The turning tools used for both hardwood and ivory are almost invariably held radially, with their shafts nearly horizontally. They act more as scraping than as cutting tools, and are therefore no longer so nearly restricted to a rectilinear cutting edge, but, they may be shaped straight, hollow, or round; the figures of their edges being directly imparted to, or modified upon the work as required. The tool when cutting in either material, lies always in one plane upon the rest, either held stationary, when applied to the work to copy itself, or else traversed along a cylinder or surface, or swept around a curve, to produce these forms; the manipulation being simple and requiring none of the angular changes of position necessary upon softwood.

The hardwoods may be turned with the softwood tools, used as upon softwood, but the delicate edges of most of the tools are so soon blunted or damaged, that they are not generally so employed. The gouge and chisel are exceptions; the gouge is generally used for roughing out the form in hardwood and ivory, held in exactly the same angular positions and sometimes after precisely the same manner, as in turning softwood. The chisel is less used, and is sometimes held quite differently, but both tools, in common with other softwood tools when used, are ground to the less acute angle of 50° to 80°, to preserve their edges from too rapid deterioration.

The forms of the hardwood and ivory turning tools most in use, figs. 382 to 407, reproduced from Vol. II. for convenient reference, divide into two groups, having rectilinear and curved cutting-edges respectively. The former are used for surface and cylindrical works, spheres and convex forms ; the latter, some to turn their own counterparts, figs. 395 to 401, others for this, and for producing concave curves larger than themselves. The tools are represented with their faces uppermost, the cutting bevil being indicated by the dotted lines.

As scraping tools, the hardwood and especially the ivory tools, are thin in proportion to their width; they vary with the size of the tool, from about one eighth to one quarter of an inch, some large tools occasionally reaching three eighths of an inch in thickness. All, are ground with a single bevil, or on the one face only, with a cutting angle of from 40° to 60°, and are handled principally in short handles, with which they measure from about eight to twelve inches long. Some of the larger of the tools, figs. 382 to 395 are required in long handles.

The right side tool fig. 382, so named from its cutting on the right hand end of the work, from the right towards the left, is used for surfaces and within cylinders; it is sharpened on the side and end, the cutting edges meeting at less than a right angle. The side edge varies from about one and a half to three inches in length. The right side tool is also required in smaller sizes fig. 390, the side edge from one to one and a half inches long; these tools being very narrow in the blade to enter small apertures, are made of a greater proportionate thickness to give them stability. The left side tool fig. 383, is the reverse, cutting from left to right, and is principally used for external work.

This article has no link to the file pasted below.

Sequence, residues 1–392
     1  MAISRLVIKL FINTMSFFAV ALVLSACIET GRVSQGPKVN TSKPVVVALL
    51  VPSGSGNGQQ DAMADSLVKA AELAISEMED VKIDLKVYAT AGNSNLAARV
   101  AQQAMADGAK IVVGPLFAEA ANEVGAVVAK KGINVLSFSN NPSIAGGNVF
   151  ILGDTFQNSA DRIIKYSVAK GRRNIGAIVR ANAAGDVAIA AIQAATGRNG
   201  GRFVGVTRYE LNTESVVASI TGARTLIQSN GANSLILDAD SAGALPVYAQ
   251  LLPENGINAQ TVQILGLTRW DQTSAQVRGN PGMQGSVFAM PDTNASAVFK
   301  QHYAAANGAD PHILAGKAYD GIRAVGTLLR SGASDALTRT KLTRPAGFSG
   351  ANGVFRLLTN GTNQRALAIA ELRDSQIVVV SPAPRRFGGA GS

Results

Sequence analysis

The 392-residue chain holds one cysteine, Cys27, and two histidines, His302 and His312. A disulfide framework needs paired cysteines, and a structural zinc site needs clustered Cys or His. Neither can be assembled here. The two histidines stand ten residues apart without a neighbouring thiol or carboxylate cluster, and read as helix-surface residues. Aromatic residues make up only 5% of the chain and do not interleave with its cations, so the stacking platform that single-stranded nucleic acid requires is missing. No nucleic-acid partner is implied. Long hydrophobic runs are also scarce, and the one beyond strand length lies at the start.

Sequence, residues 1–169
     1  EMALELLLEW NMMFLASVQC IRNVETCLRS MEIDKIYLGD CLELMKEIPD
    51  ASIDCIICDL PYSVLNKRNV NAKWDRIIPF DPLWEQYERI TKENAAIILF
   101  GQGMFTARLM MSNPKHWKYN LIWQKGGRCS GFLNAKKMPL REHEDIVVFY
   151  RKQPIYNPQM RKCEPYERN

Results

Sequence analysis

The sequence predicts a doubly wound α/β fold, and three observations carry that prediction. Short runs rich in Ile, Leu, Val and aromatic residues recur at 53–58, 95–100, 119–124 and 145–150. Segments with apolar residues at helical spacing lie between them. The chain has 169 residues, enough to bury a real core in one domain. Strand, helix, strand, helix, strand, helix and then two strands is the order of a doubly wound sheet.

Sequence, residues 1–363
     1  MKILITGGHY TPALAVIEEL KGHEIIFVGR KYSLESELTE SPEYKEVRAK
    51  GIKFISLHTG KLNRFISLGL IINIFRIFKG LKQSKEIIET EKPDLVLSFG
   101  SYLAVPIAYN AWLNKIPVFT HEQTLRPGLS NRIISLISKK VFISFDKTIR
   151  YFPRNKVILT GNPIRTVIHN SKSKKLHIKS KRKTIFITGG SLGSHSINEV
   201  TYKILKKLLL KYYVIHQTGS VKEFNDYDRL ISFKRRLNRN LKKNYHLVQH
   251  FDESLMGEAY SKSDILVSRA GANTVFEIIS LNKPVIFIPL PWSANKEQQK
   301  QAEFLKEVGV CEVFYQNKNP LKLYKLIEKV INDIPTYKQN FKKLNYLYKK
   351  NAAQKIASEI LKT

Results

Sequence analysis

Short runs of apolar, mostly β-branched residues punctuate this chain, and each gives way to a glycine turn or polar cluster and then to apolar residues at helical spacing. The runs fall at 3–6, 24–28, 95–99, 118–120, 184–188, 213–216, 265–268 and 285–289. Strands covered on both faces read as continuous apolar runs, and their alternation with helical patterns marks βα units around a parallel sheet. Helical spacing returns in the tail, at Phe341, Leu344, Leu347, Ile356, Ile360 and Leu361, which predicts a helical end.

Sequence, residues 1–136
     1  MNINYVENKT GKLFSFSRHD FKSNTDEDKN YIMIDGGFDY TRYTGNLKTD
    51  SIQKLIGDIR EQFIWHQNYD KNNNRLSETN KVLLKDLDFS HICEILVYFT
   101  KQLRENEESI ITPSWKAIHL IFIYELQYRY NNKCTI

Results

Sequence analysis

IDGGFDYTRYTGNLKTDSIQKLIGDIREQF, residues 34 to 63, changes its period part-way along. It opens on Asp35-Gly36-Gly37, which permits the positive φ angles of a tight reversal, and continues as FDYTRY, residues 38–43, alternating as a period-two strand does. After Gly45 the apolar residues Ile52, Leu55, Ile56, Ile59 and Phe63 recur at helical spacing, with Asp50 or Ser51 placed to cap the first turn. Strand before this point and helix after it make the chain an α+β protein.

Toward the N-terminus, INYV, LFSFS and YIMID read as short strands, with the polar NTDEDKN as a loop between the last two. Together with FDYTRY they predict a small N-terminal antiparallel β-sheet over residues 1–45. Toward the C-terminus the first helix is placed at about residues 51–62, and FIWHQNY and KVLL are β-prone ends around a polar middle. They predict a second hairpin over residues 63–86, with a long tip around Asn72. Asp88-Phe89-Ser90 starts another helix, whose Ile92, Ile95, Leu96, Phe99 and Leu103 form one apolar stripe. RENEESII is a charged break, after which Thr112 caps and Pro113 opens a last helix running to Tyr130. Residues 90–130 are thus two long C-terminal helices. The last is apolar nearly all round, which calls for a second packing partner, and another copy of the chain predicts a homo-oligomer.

Fig 382. 383. 384. 385. 386. 387. 388. 389. 390. 391.

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The flat tool fig. 384, varies from about one inch and a quarter the largest, to a very narrow width in the smallest sizes, it is ground on both edges and the end. The end cutting edge is sometimes exactly square with the side which cuts from the right; more usually, it is ground at slightly less than a right angle to this side, as in fig. 419, when the flat tool, like the side tools, applies in rectangular corners with either the side or end edge of the tool, alone cutting the work.

The point tool fig. 385, is ground with equal angles; the bevil tools, figs. 386. 387, with one angle only, all three tools are also sharpened along the sides of their stems, which is convenient, although the end is more used. Other varieties of point tools are formed with dissimilar angles, or by one straight and one curved side, to be used for grooves of particular shapes requiring repetition, as in chessmen and similar objects. Thick point tools, seen edgewise, fig. 388, from half to three quarters of an inch wide, and three eighths to half an inch thick, the sides of the stems not sharpened, are used both as ordinary point tools of greater strength, and also for turning beads and mouldings. For the latter purpose, they may cut with the edge formed by the meeting of the two bevils, when the tool resembles a very thick chisel of inconsiderable width; its management being very similar to that of the chisel on softwood.

The parting tool fig. 389 has considerably greater depth than width, the smaller sizes are very thin, and the cutting edge of the larger, at the point the widest part, rarely exceeds one eighth of an inch in width. The sides taper in thickness from the point, to give clearance and prevent the tool binding or sticking fast in the work; the parting tool in cutting is directed radially from the circumference to the center. The blade of the inside parting tool, fig. 391, is at right angles to its stem, it varies from about one sixteenth, to one eighth of an inch in width, and from a quarter, to about an inch in length. The two sides of the blade are ground away taper, to leave the end the cutting edge, the widest part, and nearly meet beneath the face in an angular section, to allow freedom for the cut, and to prevent the tool setting fast in the work.